Friday, August 10, 1979
3 PM. It turned very humid and hot again. Today and yesterday were the first days I’ve been bored in several weeks. And for me, bored usually means depressed.
I can’t think of any new ideas to promote my book, and I still haven’t seen it in any stories or libraries. Will the People review come out? I can’t count on it. I’m tired of hustling; it’s difficult to have so many rejections.
Some people seem to go out of their way to be nasty – like a guy at the Sarah Lawrence English Department, who responded to my query about a reading with a very cruel note. I’m sending it back to him, ripped up. Of course I know this hardens me against criticism and rejections; I just keep getting tougher.
A letter from Crad today: now there’s a guy who gets plenty of rejections. He wrote that he has to read his book every so often to convince himself he’s still really good.
But Crad is getting his breaks, too: on Monday he’s taping a nationwide radio show with CBC. A woman reporter/host will interview him and have him read a story.
Crad has a crush on this woman, but he doesn’t think it will amount to anything because she’s an upwardly mobile radio personality and he’s a starving writer.
George phoned today, and it was good to hear from him. He hates the hours on the Patriot but enjoys the work – though not as much as he did his feature writing on the Evening News.
Tonight he’s going to go undercover to investigate whether the Harrisburg police’s arrests of prostitutes’ johns have been cases of entrapment. George was intrigued by my Vice Presidential candidacy and may write something about it.
Last night Pete Cherches called just after getting a threatening phone call from Leo Zanderer of the Writing Center, with whom he’d had a feud that led to his quitting the Writing Center and going to work for the Department of Educational Services.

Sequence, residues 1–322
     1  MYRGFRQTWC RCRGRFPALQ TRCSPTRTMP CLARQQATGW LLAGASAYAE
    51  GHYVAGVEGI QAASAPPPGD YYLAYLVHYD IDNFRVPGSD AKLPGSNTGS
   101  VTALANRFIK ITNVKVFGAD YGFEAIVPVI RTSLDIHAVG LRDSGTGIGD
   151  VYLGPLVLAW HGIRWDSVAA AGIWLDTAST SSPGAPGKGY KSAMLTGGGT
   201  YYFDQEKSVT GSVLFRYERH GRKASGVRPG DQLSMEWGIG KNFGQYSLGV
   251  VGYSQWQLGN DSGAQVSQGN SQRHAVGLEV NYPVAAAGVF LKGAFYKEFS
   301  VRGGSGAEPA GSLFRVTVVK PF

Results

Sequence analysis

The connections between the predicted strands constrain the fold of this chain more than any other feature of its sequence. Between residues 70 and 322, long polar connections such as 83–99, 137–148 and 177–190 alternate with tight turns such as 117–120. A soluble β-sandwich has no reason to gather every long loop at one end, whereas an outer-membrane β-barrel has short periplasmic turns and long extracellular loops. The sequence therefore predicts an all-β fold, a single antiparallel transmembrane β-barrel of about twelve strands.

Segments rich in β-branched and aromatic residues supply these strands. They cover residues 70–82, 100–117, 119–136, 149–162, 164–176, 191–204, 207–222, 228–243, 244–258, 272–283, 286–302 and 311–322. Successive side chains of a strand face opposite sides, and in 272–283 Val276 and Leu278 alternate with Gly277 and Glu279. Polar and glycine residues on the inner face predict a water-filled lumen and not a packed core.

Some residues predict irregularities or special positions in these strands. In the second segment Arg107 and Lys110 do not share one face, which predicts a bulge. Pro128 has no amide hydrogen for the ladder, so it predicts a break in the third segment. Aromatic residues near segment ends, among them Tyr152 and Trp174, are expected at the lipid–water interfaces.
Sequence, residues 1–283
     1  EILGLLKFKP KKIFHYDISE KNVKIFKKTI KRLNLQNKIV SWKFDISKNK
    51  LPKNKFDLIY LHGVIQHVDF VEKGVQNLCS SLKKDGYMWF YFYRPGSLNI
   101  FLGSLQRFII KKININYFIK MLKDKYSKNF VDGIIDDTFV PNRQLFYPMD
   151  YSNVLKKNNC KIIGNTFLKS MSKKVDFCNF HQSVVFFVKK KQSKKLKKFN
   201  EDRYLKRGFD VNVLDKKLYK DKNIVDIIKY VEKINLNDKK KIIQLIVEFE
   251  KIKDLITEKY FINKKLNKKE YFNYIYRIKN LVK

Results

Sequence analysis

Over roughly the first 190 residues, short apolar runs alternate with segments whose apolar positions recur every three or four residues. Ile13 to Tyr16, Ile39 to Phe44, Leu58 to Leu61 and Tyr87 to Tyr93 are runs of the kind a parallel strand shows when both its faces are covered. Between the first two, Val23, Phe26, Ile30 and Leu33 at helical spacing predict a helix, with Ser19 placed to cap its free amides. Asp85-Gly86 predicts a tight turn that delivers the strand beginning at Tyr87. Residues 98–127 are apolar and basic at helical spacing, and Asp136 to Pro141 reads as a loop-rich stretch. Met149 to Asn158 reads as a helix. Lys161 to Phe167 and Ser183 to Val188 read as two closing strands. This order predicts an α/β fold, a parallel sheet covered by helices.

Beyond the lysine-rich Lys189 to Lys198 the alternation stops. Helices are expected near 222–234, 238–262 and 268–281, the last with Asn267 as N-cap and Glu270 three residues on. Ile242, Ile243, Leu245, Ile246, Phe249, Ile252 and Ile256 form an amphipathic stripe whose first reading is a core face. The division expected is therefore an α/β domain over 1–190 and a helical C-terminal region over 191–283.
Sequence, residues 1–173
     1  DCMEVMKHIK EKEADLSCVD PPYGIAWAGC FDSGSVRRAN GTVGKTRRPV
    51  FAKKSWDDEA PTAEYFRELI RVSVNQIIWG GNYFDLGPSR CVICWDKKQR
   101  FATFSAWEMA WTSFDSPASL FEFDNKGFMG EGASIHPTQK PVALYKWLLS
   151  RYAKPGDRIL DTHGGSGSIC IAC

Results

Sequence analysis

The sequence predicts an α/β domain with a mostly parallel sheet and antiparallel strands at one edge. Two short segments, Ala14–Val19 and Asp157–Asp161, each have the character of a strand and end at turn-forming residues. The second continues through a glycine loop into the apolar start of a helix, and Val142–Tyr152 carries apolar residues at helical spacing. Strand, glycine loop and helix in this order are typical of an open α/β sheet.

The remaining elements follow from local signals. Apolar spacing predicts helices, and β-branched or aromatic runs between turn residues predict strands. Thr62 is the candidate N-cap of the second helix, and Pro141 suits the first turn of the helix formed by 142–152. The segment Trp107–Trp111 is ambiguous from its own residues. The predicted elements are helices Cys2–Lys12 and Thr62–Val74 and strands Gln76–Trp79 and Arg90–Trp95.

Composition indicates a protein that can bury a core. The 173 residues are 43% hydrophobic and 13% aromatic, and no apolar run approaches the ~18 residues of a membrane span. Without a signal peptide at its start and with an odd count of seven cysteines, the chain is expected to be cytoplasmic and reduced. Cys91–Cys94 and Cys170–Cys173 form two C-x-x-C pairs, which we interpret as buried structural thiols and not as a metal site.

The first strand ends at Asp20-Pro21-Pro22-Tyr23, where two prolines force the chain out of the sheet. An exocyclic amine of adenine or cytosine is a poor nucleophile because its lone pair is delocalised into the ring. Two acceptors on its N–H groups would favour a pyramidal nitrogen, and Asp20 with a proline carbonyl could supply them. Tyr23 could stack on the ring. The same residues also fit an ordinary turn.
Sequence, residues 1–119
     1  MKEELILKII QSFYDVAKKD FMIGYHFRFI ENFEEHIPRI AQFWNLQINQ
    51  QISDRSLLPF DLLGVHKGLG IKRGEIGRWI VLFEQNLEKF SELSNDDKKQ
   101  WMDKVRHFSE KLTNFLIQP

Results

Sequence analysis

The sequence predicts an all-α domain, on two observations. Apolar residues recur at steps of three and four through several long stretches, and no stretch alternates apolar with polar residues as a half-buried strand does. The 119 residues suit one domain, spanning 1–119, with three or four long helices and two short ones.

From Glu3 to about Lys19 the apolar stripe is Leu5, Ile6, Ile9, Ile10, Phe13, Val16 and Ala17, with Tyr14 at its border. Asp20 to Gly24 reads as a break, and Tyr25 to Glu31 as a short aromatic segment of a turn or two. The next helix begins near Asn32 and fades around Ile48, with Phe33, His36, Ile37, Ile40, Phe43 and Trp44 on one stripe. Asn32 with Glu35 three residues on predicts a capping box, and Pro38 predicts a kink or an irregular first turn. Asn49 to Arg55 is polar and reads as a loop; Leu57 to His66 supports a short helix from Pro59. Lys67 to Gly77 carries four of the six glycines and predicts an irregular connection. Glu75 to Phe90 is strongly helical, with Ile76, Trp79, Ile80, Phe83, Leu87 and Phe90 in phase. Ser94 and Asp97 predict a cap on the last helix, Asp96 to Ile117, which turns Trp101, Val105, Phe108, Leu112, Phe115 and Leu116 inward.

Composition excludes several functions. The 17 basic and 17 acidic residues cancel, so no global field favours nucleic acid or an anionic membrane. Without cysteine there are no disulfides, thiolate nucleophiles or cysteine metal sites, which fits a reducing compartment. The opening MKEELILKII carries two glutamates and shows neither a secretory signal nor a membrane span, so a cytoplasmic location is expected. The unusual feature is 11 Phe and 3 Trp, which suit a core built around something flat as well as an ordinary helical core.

“I’m not through with you yet!” Leo Zanderer screamed at Pete. “I’ll get you! I’ll make trouble for you with the English Department! Why do you think you didn’t get a fellowship?”
He sounds like a typical Brooklyn College English Department looney. Those people are the most petty, childish group of worms I’ve ever encountered. I would love to say “Fuck you” to all of them one day – the way Irwin Shaw did.
(They were too snobby to let Shaw teach after he graduated, and he held a grudge against Brooklyn College for decades, until a few years ago, after Jerry Borenstein and some of the other alumni kept trying to make amends.)
Mom and Dad are at the lawyers’ now, going to contract with the man who’s buying the house. I guess that’s why I feel a bit depressed. I’m glad I’m seeing Dr. Pasquale tonight; he’ll say my sadness is natural.
The phone just rang. A woman started talking about the ad, and so I said that we sold the house and didn’t need a broker. But it turned out that she was from a moving company; I told her to call back later.
6 PM. A terrible thunderstorm ended a little while ago. After about an hour of lying in bed feeling sorry for myself, I finally called about an apartment that I saw listed in the paper, and I was about to go over there when Mom and Dad came home.
Dad signed the contract, but no one else did. The buyer is having an engineer look at the house, and if that goes okay, he’ll try to get a mortgage – which may take some time.
Dad told me he doesn’t think we can be out of the house until October at the earliest. The Soviet couple wants to put only $15,000 down, and they may have trouble getting a mortgage because of that. So I think I’ll stay in the house until I have a job in September and I see what’s what.
Monday, August 13, 1979
Midnight. I’ve just gotten home.
Mom was on the phone with Dad when I walked in. Marc and Jonny are out. I’m certain Mom misses Dad very much; in thirty years, they’ve never been apart for very long, and they are terribly dependent upon one another.
Today was a gorgeous day, sunny and mild. For the last four weeks, each Tuesday or Wednesday has brought some good news about my book: the Arthur Bell column notice in the Voice, Wes’s calls with news of the reviews in the L.A. Times, Cleveland Plain Dealer, and (hopefully it will come out) People.
Obviously I can’t hope for anything as good this week, but being human, I can’t help hoping. I’m definitely running out of ideas to push my book. I sent out half a dozen letters today, but I’ve done just about everything for the time being.
I do feel guilty about not working actively at some kind of promotion, and I found it a bit difficult to just relax today. I got one surprise call: from my old public school and junior high school buddy, Maury Lowenstein.